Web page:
"You're going to have a nice lie-down for a couple hours, and I'm going to be right beside you. I'll call the department secretary and tell him you're taking a personal day and will be in tomorrow. Then we're going to go see Jory and his family, so that you can see the boy whose life you saved, and then we are going to go for a walk in the hills, and then I'm going to put you to bed. When you get up in the morning, you can make an appointment to see a grief counsellor or not. Today, I'm in charge, all right?"

Her heart swelled with love and she felt a tear slip down her cheek. "Rainer," she said, "you're a wonder."

"You inspire me, darling," he said, and kissed her eyelids shut.


Their thirty-fifth date was their last.

"You're going back to Washington," he said, when he saw the boxes in her office.

"Yes," she said.

He stood in the doorway of her office. Trish was painfully aware of the other faculty members in the corridor watching him. Their romance was no secret, of course. Everyone in the law department knew about him, all the network engineers knew about her, and they both took a substantial amount of ribbing about "mixed marriages" and "interfaith dating."

Trish realized with a pang that it was likely that everyone in the law department knew that she'd decided to go back to the Hill but that he'd only suspected it until this instant.

"Well, good for you," he said, putting on a brave face that was belied by the Fret wrinkles in his forehead.

"I'm sorry," she said. "I should have told you once I decided, but I didn't want to do it over the phone --"

"I'm glad you didn't," he said, holding up his hand. "Do you want to come out for dinner with me anyway?"

She gestured at the half-packed office. "The movers are coming in the morning."

"Well then, do you suppose you could use some help? I could get some burger king or taco bell."

She looked at him for a long moment, swallowing the knob in her throat. "That would be lovely. Mexican. I mean, 'taco bell,'" she said. "Thank you."

He let her pay for it -- "You're making the big bucks now," he said -- and he was a surprisingly conscientious packer, padding her framed pictures carefully and wrapping her knick-knacks in individual sheets of spun fiber.

"Well then," he said, once he'd finished writing out a description of his latest box's contents on its outside, "you always told me that Hill Rats were Hill Rats for life, I suppose."

"Yeah," she said. She knew she should explain, but they'd had the argument about it three times since the new PAC had contacted her and offered her the executive director position. The explanation wouldn't get any better now that she'd made up her mind.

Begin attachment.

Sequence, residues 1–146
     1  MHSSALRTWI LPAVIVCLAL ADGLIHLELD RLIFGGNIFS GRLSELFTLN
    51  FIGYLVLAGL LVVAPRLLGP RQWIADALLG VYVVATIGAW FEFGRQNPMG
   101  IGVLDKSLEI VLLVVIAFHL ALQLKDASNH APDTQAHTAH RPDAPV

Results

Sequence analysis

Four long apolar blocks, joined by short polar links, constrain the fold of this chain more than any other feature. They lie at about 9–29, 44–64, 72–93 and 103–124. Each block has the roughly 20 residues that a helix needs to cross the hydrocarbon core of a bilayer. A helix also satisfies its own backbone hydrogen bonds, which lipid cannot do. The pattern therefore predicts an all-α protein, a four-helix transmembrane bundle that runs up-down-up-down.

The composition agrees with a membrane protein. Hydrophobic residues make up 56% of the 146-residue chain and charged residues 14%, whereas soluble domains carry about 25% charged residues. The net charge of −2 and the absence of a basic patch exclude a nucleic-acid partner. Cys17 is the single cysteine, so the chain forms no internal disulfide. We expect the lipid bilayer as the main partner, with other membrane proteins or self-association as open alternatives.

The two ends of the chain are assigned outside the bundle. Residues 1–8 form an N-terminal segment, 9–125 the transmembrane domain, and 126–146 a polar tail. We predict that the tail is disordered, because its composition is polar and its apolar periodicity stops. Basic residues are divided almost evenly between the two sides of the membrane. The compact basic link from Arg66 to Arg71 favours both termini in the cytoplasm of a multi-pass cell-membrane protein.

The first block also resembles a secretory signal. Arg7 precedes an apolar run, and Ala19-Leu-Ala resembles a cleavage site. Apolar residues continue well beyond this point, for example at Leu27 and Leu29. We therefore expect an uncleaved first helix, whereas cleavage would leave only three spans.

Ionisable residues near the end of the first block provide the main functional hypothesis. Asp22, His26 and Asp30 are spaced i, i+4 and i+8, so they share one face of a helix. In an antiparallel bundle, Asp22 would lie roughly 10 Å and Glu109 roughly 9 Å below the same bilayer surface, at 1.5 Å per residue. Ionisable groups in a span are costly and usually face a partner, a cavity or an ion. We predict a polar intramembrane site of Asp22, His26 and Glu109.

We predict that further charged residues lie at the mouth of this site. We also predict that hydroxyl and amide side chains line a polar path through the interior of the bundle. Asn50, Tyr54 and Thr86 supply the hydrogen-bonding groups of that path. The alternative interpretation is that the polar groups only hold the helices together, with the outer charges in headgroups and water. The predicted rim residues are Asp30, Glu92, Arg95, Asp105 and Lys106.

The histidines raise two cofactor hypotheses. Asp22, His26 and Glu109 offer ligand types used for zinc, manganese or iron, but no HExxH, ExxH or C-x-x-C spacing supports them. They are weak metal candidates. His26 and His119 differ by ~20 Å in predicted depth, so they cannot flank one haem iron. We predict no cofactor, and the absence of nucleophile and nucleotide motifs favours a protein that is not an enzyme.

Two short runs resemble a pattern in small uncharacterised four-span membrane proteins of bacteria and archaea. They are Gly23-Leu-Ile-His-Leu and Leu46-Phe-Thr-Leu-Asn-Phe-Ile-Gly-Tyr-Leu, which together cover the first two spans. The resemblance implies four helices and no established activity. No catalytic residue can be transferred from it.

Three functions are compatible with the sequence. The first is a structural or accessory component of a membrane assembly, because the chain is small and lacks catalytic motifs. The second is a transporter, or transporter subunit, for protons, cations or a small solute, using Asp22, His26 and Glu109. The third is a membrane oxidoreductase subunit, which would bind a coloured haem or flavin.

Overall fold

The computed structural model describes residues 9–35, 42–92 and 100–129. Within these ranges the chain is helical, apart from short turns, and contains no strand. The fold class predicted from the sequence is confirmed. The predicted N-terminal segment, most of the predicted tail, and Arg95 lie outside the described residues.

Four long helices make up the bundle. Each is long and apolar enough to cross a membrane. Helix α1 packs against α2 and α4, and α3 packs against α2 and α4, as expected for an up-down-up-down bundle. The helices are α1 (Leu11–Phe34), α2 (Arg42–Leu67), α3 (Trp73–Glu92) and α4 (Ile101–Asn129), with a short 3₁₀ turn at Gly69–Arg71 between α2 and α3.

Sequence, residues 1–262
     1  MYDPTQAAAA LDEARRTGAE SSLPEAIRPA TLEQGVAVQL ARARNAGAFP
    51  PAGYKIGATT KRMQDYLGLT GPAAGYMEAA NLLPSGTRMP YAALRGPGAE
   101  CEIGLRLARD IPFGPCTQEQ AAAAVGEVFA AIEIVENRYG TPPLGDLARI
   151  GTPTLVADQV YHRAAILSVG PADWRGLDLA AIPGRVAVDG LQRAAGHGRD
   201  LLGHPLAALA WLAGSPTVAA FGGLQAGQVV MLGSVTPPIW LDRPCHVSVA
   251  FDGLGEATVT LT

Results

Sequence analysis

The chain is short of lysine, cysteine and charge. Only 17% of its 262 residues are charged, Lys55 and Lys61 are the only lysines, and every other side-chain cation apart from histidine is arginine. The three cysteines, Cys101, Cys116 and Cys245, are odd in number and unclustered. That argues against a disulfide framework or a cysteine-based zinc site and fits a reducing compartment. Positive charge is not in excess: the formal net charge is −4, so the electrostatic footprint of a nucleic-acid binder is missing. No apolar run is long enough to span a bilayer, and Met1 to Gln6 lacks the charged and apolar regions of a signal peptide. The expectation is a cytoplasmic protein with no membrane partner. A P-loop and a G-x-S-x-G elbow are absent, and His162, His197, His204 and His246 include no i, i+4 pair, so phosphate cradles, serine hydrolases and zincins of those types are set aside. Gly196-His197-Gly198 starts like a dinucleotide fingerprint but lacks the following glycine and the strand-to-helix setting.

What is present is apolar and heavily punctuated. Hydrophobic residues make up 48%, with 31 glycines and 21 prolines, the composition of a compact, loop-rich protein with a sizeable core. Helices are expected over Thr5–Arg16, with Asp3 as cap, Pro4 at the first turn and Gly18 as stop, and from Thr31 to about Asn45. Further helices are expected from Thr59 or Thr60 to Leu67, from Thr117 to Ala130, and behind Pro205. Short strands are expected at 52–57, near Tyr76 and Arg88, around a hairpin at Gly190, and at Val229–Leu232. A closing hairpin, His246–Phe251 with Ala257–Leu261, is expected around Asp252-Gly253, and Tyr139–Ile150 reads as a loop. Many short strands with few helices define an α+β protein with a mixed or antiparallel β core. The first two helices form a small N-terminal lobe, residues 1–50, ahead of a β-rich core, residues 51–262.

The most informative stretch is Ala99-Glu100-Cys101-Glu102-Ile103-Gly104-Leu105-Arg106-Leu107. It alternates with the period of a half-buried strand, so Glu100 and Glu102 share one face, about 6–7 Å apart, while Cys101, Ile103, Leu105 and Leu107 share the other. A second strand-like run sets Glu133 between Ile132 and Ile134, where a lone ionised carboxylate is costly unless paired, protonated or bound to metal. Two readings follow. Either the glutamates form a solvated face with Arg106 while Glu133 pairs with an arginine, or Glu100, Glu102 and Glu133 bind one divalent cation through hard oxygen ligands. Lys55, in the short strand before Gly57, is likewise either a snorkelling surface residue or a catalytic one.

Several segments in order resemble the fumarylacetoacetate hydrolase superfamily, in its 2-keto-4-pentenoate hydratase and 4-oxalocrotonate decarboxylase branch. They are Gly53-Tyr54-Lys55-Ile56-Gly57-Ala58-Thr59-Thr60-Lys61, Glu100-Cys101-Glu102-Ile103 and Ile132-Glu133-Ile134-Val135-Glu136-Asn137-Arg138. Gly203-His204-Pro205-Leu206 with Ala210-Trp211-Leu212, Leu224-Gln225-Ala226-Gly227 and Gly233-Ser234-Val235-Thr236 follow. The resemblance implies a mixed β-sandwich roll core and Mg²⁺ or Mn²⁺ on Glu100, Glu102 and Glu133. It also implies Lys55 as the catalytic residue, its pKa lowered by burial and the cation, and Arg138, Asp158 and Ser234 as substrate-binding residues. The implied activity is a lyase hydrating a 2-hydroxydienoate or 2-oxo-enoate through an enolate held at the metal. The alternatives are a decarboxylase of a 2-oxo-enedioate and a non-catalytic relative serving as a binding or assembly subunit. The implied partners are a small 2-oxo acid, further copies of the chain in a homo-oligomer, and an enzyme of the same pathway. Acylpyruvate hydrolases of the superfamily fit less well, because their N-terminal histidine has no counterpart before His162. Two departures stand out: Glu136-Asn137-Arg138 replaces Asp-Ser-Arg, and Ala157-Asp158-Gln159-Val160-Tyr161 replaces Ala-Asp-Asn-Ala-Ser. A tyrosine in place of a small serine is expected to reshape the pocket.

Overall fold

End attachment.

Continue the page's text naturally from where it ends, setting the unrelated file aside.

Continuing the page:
The new PAC, The Association for a Human-Readable World, was the brainchild of some people she'd worked with while she was on the Hill. They'd asked her to hire a team, to scout an office, and then to camp out in the offices of various important committee chairmen until they passed a law limiting the scope of emergent networking meshes. The Europeans had enacted legislation requiring cops, hydroelectric agencies, banks, hospitals and aviation authorities to use "interrogatable" networks within ten days of The Downtime. With fifteen thousand dead in Western Europe alone, with Florence in flames and Amsterdam under two meters of water, it was an easy call. The US had scoffed at them and pointed to the economic efficiencies of a self-governing network, but the people who were funding Human-Readable World wanted to know where old concepts like "transparency" and "accountability" and "consent of the governed" fit in when the world's essential infrastructure was being managed by nonsentient ant-colony simulations.

"Be gentle with us, OK?" he said.

"Oh, I wish I had your confidence in my abilities," she said, sucking on her big-gulp of coke.

He put down his food and looked hard at her. He stared longer than was polite, even for (ex-) lovers, and she began to squirm.

"What?" she said.

"You're not putting me on. Amazing. Patricia Lourdes McCavity, you have felled an empire and you are setting yourself up to fell another -- and it's one that I'm pretty heavily invested in, both professionally and financially."

"Come on," she said. "I'm good, but I'm not superwoman. I was part of a team."

"I've read your briefs. Position papers. Opinions. Speeches. Hell, your press-releases. They were the most cogent, convincing explanations for intellectual property reform I'd ever read. You weren't the judge, but you were his clerk. You weren't the committee chairman, but you were her head staffer. Taco Bell underestimated you. Coke underestimated you. Starbucks underestimated you. Disney underestimated you. Vivendi and Sony underestimated you. Now you're running your own organization, and it's pointed at me, and I'm scared shitless, you want to know the truth. I'm not underestimating you." He'd drawn his dark eyebrows together while he spoke, and lowered his head, so that he was looking up at her from under his brow, looking intense as the day they'd met, when he was delivering a brilliant lecture on ant-colony optimization to a large lay audience at the law-school, fielding the Q&A with such convulsive humor and scalding lucidity that he'd melted her heart.